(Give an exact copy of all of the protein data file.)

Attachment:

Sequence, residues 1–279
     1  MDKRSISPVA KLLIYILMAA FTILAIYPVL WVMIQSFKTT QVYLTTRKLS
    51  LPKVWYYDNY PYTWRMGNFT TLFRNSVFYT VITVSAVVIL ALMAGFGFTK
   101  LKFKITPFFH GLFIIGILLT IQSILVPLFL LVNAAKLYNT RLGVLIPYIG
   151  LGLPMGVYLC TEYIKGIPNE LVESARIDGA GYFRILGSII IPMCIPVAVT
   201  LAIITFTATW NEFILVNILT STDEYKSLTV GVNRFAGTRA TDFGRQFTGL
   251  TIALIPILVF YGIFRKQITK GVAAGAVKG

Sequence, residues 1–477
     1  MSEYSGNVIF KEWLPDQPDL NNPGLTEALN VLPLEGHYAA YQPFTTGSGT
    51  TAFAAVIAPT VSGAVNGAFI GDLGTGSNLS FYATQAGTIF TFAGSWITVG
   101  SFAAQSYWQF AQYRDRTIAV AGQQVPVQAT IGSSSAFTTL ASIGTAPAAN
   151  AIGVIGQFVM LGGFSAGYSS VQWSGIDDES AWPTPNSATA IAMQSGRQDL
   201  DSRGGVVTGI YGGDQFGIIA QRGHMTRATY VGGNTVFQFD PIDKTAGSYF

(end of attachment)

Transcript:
Sequence, residues 1–279
     1  MDKRSISPVA KLLIYILMAA FTILAIYPVL WVMIQSFKTT QVYLTTRKLS
    51  LPKVWYYDNY PYTWRMGNFT TLFRNSVFYT VITVSAVVIL ALMAGFGFTK
   101  LKFKITPFFH GLFIIGILLT IQSILVPLFL LVNAAKLYNT RLGVLIPYIG
   151  LGLPMGVYLC TEYIKGIPNE LVESARIDGA GYFRILGSII IPMCIPVAVT
   201  LAIITFTATW NEFILVNILT STDEYKSLTV GVNRFAGTRA TDFGRQFTGL
   251  TIALIPILVF YGIFRKQITK GVAAGAVKG

Sequence, residues 1–477
     1  MSEYSGNVIF KEWLPDQPDL NNPGLTEALN VLPLEGHYAA YQPFTTGSGT
    51  TAFAAVIAPT VSGAVNGAFI GDLGTGSNLS FYATQAGTIF TFAGSWITVG
   101  SFAAQSYWQF AQYRDRTIAV AGQQVPVQAT IGSSSAFTTL ASIGTAPAAN
   151  AIGVIGQFVM LGGFSAGYSS VQWSGIDDES AWPTPNSATA IAMQSGRQDL
   201  DSRGGVVTGI YGGDQFGIIA QRGHMTRATY VGGNTVFQFD PIDKTAGSYF